I stare at the poster.
Sign up by January 9th. If you sign up after January 9th, you will have to pay a late fee.
I stare at the poster. It's like a piece of God. A band of glare stretches across the the laminated surface. There is a picture of a girl on the poster and she is hovering over a stack of paper, pen poised above the table like a viper. A slight smile twinges her lips at the corners.
This is my future, the girl is thinking with her dyed hair and designer clothing.
This is Harvard.
This is Penn State.
This is mortgages and satellite television and a job in a cubicle.
Pay a fee, if you are late signing up. Pay for a test you never wanted to take. Pay for a future you wish you never had to experience. Please visit this website for tips.
This test, that is graded by a faceless drone a hundred miles away. This worker bee, with its thermos full of chicken soup and a turkey sandwich packed for lunch, is attacking your test with a red pen.
It is designing your future. It is giving you a number and telling you where to get in line.
It took this test once too.
I walk past the poster and the vending machines and the library filled with books by Faulkner and Einstein and hundreds of no names. Into the staircase, where I push past other students whose minds are filled with dates and times and prices and tests. I walk on the right side of the hallway because I have been told to.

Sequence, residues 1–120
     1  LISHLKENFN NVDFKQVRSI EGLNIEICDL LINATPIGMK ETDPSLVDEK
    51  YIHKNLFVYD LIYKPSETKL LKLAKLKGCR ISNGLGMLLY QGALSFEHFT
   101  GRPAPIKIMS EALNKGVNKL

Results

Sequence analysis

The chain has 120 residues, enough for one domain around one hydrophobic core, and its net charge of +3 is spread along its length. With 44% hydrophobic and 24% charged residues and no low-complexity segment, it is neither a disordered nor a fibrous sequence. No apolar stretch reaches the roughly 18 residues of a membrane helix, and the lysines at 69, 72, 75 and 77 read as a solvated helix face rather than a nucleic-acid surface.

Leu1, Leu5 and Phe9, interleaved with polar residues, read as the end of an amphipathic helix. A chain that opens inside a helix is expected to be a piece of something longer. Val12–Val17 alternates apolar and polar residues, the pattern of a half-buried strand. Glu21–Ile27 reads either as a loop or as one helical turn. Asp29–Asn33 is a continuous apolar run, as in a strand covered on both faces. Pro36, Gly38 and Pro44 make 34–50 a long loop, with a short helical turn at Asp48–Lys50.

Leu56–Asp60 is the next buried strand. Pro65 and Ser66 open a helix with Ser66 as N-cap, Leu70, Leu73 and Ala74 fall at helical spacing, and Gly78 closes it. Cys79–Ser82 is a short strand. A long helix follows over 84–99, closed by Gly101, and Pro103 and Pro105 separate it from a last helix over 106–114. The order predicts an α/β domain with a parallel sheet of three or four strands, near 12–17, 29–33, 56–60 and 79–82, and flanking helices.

Yes, kids are Americans too.
Teachers stand on the side, watching us. If you make eye contact they will smile, just like wind up dolls. I don't look up. I don't look down.
My brain is crawling around in my skull. I have a chemistry test in Three minutes.
The room reeks of chemical farts. Some kind of sulfur permeates the air. I take a seat and scrub my face. My head aches. I could be home watching a sitcom or playing a video game. I could be wasting my life away in comfort.
The room is white and cavernous. I imagine the air, swirling and eddying above our heads. I look at my comrades in this life. They are bored and restless. Some are studying, looming above their textbooks like the girl in the SAT poster. I feel like sighing but I do not. I tug a ream of papers out of my binder and read the same sentence over and over again:
Atoms are made of three types of subatomic particles.
We are all made of atoms. We are all made of the exact same things.
I blink back a a rush of migraine tears. A make a note to myself, written in black ink that has been shipped to the United States from China:
Bring $ for SAT by Jan 9th.